The Core Curriculum is the centerpiece of the first two years of undergraduate study at Columbia. It entails four required courses—Contemporary Civilization, Literature Humanities, Music and Art Humanities—which focus on masterpieces of western civilization and build upon the notion, as Lionel Trilling put it, that "there is a certain minimum of our intellectual and spiritual tradition which a man must experience and understand if he is to be called educated."
By now the Core is so well established that we easily forget its radical roots as a grand experiment in undergraduate education. Before World War I Columbia College had been overshadowed by the University's graduate and professional schools, and its educational mission was undefined. Rejecting the emphasis on preprofessional training, the College forged a new identity after the war based on a liberal arts curriculum.
The establishment of Contemporary Civilization in 1919 announced that new commitment to general education. There were national trends which encouraged this sort of curricular change: college attendance was growing and became a prerequisite for professional training. But Columbia's response was innovative and timely, and the great books approach to general education was taken up nationwide. The other Core courses were introduced in 1937 as a two-year sequence. Freshmen studied literature in Humanities A, followed the next year by Humanities B, which was devoted to music and fine arts. Lit. Hum. was a required course, but Humanities remained optional for ten years while the faculty experimented with its format.
There were concerns whether students who otherwise had no exposure to non-verbal forms of expression could be introduced to music and art in a seminar situation. Consequently Humanities B was originally designed as a lecture course, with lectures alternating on music and art. In 1941, the two subjects were separated, each confined to a semester with three weekly meetings, one mass lecture and two seminar meetings. The lecture was eliminated in 1946, bringing Art and Music Humanities in line with the other Core courses as discussion-based classes of about twenty students.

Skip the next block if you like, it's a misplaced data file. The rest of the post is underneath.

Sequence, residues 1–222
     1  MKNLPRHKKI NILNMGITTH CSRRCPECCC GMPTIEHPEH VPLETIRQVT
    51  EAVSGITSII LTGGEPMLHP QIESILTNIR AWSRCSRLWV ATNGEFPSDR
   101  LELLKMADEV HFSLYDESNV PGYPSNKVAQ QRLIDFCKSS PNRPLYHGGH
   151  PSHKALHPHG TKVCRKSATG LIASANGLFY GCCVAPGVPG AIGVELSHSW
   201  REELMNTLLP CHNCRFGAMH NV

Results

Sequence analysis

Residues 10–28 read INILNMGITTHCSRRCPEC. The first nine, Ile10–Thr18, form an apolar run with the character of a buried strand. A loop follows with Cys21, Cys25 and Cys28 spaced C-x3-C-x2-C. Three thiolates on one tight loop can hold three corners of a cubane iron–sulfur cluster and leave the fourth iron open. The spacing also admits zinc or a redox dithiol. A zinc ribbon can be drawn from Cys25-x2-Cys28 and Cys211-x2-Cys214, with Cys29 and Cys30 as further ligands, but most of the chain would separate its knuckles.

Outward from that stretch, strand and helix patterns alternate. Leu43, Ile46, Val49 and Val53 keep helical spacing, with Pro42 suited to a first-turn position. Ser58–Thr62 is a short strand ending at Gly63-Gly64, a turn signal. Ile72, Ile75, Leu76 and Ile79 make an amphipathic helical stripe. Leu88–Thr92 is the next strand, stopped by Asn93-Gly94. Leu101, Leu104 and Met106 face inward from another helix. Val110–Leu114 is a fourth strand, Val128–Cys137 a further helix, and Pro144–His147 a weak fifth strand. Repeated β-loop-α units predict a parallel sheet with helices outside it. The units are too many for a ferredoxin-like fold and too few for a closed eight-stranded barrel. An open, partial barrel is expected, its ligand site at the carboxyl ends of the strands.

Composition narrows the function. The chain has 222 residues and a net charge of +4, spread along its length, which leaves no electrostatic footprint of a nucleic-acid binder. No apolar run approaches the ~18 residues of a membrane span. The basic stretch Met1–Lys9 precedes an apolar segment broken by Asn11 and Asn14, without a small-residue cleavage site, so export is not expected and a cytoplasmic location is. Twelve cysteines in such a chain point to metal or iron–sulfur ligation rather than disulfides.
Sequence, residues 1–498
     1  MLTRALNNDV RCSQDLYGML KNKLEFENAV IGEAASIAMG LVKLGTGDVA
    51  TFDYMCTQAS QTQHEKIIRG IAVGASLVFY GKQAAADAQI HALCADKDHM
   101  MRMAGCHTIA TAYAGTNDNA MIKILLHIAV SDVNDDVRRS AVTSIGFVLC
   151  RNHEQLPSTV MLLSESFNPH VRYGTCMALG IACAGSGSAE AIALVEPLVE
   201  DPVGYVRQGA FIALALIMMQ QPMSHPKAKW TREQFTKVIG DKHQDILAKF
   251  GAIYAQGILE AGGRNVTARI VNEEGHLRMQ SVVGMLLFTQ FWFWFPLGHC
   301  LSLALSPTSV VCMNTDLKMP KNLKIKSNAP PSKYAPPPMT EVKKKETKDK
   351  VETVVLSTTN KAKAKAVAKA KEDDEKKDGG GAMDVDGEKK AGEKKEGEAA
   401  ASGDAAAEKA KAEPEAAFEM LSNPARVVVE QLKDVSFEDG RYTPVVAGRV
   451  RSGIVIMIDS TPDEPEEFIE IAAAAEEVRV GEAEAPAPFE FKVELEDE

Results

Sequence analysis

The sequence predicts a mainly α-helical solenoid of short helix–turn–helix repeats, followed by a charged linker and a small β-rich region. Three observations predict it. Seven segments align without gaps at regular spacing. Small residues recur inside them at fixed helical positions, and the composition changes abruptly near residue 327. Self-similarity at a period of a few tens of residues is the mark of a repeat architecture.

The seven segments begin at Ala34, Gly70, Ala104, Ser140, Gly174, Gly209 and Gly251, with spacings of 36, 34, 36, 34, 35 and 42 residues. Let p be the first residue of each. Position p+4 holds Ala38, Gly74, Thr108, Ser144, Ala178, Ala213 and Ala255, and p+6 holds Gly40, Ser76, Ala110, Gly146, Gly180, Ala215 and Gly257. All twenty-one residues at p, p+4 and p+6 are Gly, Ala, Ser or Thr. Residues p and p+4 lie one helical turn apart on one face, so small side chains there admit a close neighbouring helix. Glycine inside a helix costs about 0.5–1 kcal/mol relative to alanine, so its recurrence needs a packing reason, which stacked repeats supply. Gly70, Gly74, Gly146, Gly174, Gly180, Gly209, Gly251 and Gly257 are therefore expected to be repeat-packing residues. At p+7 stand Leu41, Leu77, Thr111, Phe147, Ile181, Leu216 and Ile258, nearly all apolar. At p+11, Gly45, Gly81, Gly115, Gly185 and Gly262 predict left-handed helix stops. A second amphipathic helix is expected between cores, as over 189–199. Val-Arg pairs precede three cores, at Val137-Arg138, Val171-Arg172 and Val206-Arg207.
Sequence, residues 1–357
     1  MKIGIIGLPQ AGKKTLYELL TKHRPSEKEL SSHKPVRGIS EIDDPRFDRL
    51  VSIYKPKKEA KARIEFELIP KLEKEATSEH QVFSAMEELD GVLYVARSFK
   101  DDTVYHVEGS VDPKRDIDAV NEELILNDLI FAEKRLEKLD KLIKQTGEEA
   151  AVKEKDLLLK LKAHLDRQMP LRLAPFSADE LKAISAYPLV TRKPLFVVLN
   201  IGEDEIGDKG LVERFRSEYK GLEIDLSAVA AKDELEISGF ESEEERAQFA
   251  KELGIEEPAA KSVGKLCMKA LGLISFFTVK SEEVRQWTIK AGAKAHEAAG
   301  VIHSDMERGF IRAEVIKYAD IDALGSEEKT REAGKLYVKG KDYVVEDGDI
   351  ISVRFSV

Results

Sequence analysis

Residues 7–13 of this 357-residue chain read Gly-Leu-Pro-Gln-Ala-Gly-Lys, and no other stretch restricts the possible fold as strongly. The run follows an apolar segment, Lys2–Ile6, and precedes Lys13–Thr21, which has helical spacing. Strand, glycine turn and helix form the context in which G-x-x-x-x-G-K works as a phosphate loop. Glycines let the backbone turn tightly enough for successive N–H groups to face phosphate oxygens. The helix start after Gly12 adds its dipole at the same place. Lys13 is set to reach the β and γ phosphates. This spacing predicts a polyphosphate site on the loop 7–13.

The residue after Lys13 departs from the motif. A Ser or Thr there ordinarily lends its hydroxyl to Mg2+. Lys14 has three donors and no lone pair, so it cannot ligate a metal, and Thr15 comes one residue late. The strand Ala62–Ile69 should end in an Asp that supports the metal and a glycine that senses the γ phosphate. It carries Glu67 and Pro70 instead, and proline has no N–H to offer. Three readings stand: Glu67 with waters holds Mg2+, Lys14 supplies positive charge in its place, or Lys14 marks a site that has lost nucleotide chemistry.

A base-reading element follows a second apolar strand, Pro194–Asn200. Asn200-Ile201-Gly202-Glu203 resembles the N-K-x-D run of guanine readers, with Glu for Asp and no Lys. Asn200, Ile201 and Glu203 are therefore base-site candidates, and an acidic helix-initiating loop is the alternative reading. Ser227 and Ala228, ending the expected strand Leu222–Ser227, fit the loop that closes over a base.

Since 1947 Art and Music Hum. have been required, and the format has been fixed, but our department continues to debate the extent to which we should bow to the text-based instruction of the overall curriculum. We recently introduced a primary source reader, but many faculty believe that a course devoted to looking and to visual literacy should keep reading assignments to a minimum. The staffing of Art Humanities over the past fifty years mirrors changes in the department, especially the growing integration of the graduate and undergraduate programs.
The first director of Art Hum. was Everard Upjohn (1904-78), an architectural historian who was probably better known as the great-grandson of Richard Upjohn, designer of Trinity Church on Wall Street. Upjohn had founded the Department of Fine Arts at the University of Minnesota before Columbia recruited him in 1935 to develop the undergraduate program in Fine Arts.
Within the department, there were essentially separate undergraduate and graduate faculties, and structural divide which remained until the mid-1960s. At a time when undergraduate teaching was devalued within the department, Uppie's commitment to Art Humanities, which he taught from 1937 until his retirement in 1970, was no doubt important, but he may not have been the ideal person to redefine the status quo. His daily routine involved lunch at the Men's Faculty Club followed by thirty minutes of bridge, and it was no secret, as he told a reporter, that "I can't stomach modern art."